The United Nations Children Fund (UNICEF) has called for the strengthening of social work curriculum in tertiary institutions to impact on the functionality of social work in Nigeria.



Ms Maryam Enyiazu,  Child Protection Specialist, UNICEF, said this in Enugu on Wednesday at a two-day Media Dialogue on Social Work Professionalisation Bill.

Enyiazu noted that over the years, UNICEF had engaged in supporting education programmes for curriculum development, which would assist in strengthening social workforce in the country.

She also said the organisation had been supporting the National Board for Technical Education (NBTE) for the award of degree programme in social work, to reflect the trend in social welfare workforce.

She said that there were lots of challenges militating social workforce, adding that in addressing the gaps, there was need to put in place social welfare workforce to address the problems.

Enyiazu noted that the social welfare workforce if strengthened would better protect children and as well achieve the Sustainable Development Goals (SDGs).

“Looking at the SDGs that we have, there is clear indication that we need a robust social welfare workforce to drive the process of reducing poverty, increasing access to education and access to good health care system.

“Social workers have a huge role to play in ensuring that the goals are achieved. UNICEF has supported Federal Government to develop a national plan of action on Social welfare work force.

” So we need to collectively support to ensure that social welfare is strengthened enough to deliver this services,” she said.

Enyiazu who gave an overview of challenges bedeviling the system, noted that to address the huge gaps identified, stakeholders must come out clean to take an assessment to identify human resource gaps.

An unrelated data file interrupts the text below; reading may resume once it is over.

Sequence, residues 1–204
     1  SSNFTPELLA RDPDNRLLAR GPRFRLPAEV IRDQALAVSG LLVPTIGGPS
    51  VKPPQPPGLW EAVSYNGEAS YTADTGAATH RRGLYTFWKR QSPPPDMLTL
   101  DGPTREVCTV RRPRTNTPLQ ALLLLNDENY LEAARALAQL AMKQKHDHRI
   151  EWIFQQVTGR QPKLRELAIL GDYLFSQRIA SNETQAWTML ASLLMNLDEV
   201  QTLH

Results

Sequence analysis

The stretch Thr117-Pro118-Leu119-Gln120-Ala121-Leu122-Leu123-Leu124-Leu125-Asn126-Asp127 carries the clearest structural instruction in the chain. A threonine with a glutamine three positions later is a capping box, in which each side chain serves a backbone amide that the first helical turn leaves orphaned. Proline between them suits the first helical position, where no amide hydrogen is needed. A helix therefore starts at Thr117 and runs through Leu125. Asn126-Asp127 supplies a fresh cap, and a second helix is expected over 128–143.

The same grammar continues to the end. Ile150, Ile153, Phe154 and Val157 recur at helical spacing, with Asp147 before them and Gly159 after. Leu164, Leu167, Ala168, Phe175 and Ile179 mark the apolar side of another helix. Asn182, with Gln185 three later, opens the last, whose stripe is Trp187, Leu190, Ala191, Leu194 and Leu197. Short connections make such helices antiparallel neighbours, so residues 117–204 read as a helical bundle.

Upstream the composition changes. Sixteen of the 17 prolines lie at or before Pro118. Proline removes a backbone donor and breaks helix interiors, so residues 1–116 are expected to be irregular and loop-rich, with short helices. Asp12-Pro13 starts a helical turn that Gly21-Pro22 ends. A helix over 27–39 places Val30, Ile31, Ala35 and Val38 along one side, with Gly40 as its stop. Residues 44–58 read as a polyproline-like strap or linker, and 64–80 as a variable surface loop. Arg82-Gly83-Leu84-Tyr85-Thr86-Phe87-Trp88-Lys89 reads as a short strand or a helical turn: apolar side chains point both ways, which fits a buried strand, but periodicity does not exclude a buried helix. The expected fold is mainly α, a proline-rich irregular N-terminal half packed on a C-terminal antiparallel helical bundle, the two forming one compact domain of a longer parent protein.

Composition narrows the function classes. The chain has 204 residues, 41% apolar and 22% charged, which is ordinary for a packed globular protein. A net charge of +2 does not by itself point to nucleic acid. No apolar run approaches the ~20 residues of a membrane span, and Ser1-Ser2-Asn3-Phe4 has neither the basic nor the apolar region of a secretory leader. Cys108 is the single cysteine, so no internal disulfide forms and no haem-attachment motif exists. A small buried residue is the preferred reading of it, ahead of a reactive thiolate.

She added that Nigeria needed strong, regulated and standardised work force in the field of social welfare to thoroughly tackle social problems and prevent the huge loss to violence against children and the vulnerable.

According to her, Nigeria is yet to understand the need for social welfare workers, social welfare sector struggles to attract pay and retain qualified workforce.

The UNICEF expert stressed that social welfare workforce was critical to achieving the 17 target areas of Sustainable Development Goals.

Enyiazu added that a major way to seek legitimacy and raise status of social work as a profession in Nigeria was through the establishment of regulatory mechanism to ensure license, certification and registration.

Also, Prof. Alamveabee Idyorough, Department of Sociology and Social work, Federal University, Lafia, said social workers were important people in the society as they help solve social problems.

Idyorough noted that the existence of social workers in the society would bring about social development both at individual and national levels.

He emphasised that over the years, curriculum had been provided for schools who offer specialised courses in social work, to enable specialised knowledge to be transmitted from one generation to the other.

According to him, anybody interested in the profession is subject to that specialised knowledge and after acquiring the knowledge, they present themselves to a central body.

“That is why we are appealing that when the president receives a copy of the document, he should make haste in assenting to the bill.

“This is because the bill will provide the regulatory body concerned with registering new members into the profession and by so doing the workforce will increase and help take care of the need of the vulnerable in our society,” he said.

He added that it was also important in ensuring that the code of ethics of the profession was obeyed and it would get rid of unqualified members.

He also advised institutions offering such courses to follow the curriculum to meet the standards for all facilities required for the teaching of the courses.

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